On Sat, Sep 8, 2012 at 4:35 PM, kirby urner <email@example.com> wrote: > On Fri, Sep 7, 2012 at 4:14 PM, Jonathan Crabtree > <firstname.lastname@example.org> wrote: >> Thank you Joe! >> >> That is the 'what and why' of ASAPANS (as simple as possible and no simpler). >> >> Multiplication should have been clarified by Einstein. >> >> Multiplication is NOT scaling. >> > > I think a fairly common mistake among mathematicians is to think their > job is to develop "global meanings" in the sense of their being a top > level namespace that anchors all the others, a fixed firmament. >
I think you are making a mistake of confusing the drive to generalize things with this attempt to impose as you say.
First, I don't think mathematicians do this imposing. It's this imposing that mathematicians are actually against. Sure, the drive to generalize may result in trying to see whether there is any "common denominator", but that is not this imposing.
This type of imposing is what Devlin I think is arguing against, that the operation of binary multiplication is - where "is" means the sense of "is identical to" - the operation of repeated addition. Sure, these different operations sometimes give identical results in some contexts, but that is different than saying that they are identical operations, that one operation is the other operation.
It seems to me that mathematicians say that modeling an operation is an OK thing, but if there are going to be models then please don't exclude the ones that have more generality, as the scaling model has more generality than the repeated addition model, as general as any set on which we can define magnitude or absolute value or if we wish, the geometric language of distance or length from 0.
Side note: No one is saying that scaling is what multiplication is - only that scaling is a model for multiplication.
With repeated addition as a model we have to keep changing the definition of repeated addition as we go to more and more general number systems and to the breaking point when we hit multiplication of two irrationals. But with scaling we don't have to change the definition of scaling at all. Even for multiplying two irrationals e and pi, where 1, e, pi, and e(pi) are viewed as distances from 0, we use the same exact model of scaling we use for multiplying two naturals: We have these ratios as a model: pi is to 1 as e(pi) is to e, and via commutativity we have e is to 1 as e(pi) is to pi. Or if we wish to use equality on fractions, pi/1 = e(pi)/e, and via commutativity we have e/1 = e(pi)/pi. And we can model this by construction on a graph: Connect 1 on the x-axis to pi on the y-axis, and, parallel to that drawn line segment, connect e on the x-axis to the y-axis, and this point on the y-axis is e(pi). And via commutativity we have the other way: Connect 1 on the x-axis to e on the y-axis, and, parallel to that drawn line segment, connect pi on the x-axis to the y-axis, and this point on the y-axis is e(pi).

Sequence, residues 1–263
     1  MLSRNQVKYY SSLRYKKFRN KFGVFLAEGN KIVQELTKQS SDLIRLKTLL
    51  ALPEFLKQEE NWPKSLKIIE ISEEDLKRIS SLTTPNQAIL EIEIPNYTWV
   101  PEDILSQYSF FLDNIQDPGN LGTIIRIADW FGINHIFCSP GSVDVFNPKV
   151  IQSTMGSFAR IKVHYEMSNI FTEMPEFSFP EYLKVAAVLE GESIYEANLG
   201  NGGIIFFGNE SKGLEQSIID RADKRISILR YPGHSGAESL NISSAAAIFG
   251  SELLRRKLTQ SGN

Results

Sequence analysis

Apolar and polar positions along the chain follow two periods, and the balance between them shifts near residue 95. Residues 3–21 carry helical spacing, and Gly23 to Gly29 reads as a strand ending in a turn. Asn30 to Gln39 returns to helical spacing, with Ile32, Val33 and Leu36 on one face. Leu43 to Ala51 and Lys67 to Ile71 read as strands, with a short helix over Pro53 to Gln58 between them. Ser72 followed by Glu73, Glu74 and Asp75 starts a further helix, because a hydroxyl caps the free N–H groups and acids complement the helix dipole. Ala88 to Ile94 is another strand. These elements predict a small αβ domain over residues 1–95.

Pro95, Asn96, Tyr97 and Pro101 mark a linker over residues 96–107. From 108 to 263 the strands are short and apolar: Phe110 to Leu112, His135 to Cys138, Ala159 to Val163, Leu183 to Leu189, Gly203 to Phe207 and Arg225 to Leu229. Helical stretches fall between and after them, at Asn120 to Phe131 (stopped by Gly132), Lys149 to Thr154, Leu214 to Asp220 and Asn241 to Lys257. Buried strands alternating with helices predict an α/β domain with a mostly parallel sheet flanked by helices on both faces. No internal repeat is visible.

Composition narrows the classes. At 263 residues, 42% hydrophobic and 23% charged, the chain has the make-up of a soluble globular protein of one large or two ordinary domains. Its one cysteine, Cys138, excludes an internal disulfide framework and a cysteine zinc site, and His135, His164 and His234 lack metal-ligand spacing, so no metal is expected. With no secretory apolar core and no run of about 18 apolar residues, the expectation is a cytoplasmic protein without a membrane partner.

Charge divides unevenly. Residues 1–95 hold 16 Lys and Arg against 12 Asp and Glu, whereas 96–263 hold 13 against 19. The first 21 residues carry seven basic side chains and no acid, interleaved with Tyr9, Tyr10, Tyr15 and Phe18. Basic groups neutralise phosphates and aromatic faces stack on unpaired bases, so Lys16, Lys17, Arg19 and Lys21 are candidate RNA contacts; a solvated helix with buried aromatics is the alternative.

No one is saying don't use repeated addition *as a model* in the naturals, and no is saying don't use the repeated idea later with the redefinitions. But just don't exclude the one and only model that needs no redefinition all the way up through multiplying two irrationals, especially the one and only model that has the added and probably vastly more important benefit of teaching proportional reasoning from day one via reasoning on equal or equivalent ratios or fractions (which is a great foundation for working with percentages - and I mean using the equivalent ratios or fractions x/100 = y/z.)
The lack of fluent proportional reasoning in a large percentage of students all the way up through adulthood is one of big problems that must be addressed, and a least including this scaling way of modeling multiplication using equivalent or equal ratios or fractions from day one is a ready-made way of attacking this problem.